Masekela also toured with Paul Simon in support of The album Graceland, featuring South African artists such as Ladysmith Black Mambazo, Miriam Makeba, Ray Phiri. He also collaborated in the musical development for the Broadway play, Sarafina! In 2003, he was featured in the documentary film Amandla!: A Revolution in Four-Part Harmony. In 2004, he released his autobiography, Still Grazing: The Musical Journey of Hugh who, co-authored with journalist D. Michael Cheers which detailed Masekela’s struggles against apartheid in his homeland, as well as his personal struggles with alcoholism. His sound began blending mbaqanga, jazz/funk with South African sounds. he recorded with Herb Alpert plus the solo albums Techno-Bush, Tomorrow (featuring the anthem “Bring Him Back Home”), Uptownship (a lush-sounding ode to American R&B), Beatin’ Aroun de Bush, Sixty, Time, and Revival. The song “Soweto Blues”, sung by his former wife, Miriam Makeba, is a blues/jazz piece that mourns the carnage of the Soweto riots in 1976. He also did cover versions of songs composed by Jorge Ben, Antônio Carlos Jobim, Caiphus Semenya, Jonas Gwangwa, Dorothy Masuka, and Fela Kuti.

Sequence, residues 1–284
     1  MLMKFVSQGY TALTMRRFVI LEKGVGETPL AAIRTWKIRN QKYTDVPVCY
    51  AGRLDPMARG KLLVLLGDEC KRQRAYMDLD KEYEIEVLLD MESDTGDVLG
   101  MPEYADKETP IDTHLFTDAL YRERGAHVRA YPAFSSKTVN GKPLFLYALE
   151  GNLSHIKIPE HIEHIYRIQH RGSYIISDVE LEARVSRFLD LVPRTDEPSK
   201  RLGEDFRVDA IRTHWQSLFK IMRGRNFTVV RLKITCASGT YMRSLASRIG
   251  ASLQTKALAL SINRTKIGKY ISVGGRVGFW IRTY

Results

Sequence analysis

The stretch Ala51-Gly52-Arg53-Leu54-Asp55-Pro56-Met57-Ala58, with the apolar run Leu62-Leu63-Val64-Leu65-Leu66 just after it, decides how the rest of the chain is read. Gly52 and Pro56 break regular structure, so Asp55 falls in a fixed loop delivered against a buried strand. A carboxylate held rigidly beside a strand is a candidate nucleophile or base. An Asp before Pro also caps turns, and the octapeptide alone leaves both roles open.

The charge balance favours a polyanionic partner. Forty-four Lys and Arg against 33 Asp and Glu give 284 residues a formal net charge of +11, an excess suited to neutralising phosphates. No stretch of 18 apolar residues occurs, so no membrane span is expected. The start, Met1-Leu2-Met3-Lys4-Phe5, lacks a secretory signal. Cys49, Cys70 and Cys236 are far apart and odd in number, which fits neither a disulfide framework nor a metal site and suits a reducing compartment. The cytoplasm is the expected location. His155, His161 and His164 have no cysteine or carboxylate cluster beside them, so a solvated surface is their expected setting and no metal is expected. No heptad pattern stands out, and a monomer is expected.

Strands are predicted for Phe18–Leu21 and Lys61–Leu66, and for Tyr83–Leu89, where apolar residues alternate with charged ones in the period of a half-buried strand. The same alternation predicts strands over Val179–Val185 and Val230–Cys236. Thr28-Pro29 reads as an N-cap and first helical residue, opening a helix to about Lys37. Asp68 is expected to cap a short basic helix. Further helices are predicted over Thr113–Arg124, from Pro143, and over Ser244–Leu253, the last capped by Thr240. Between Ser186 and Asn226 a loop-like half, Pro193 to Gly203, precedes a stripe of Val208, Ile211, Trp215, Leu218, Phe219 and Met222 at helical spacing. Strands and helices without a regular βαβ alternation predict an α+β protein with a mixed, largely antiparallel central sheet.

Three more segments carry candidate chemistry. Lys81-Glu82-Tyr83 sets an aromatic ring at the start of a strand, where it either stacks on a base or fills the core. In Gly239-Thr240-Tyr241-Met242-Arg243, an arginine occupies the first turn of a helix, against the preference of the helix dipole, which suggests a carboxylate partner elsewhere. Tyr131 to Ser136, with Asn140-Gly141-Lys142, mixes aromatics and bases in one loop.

In 2006 Masekela was described by Michael A. Gomez, professor of history and Middle Eastern and Islamic studies at New York University as “the father of South African jazz.” In 2009, Masekela released the album Phola (meaning “to get well, to heal”), which includes a new reinterpretation of “The Joke of Life (Brinca de Vivre)”. In 2010, Masekela was featured, with his son Selema Masekela, in the series, Umlando – Through My Father’s Eyes, Which focused on Hugh’s and Selema’s travels through South Africa. In 2013, Masekela guested with the Dave Matthews Band in Johannesburg, South Africa joining Rashawn Ross on trumpet for “Proudest Monkey” and “Grazing in the Grass”. In 2016, Masekela and Abdullah Ibrahim performed together for the first time in 60 years at the Jazz Epistles at the Emperors Palace, Johannesburg, which commemorated the 40th anniversary of the historic 16 June 1976 youth demonstrations. Masakela sadly died in Johannesburg on the early morning of 23 January 2018 from prostate cancer, aged 78. 23 January 2018. He has been described as “the father of South African jazz”.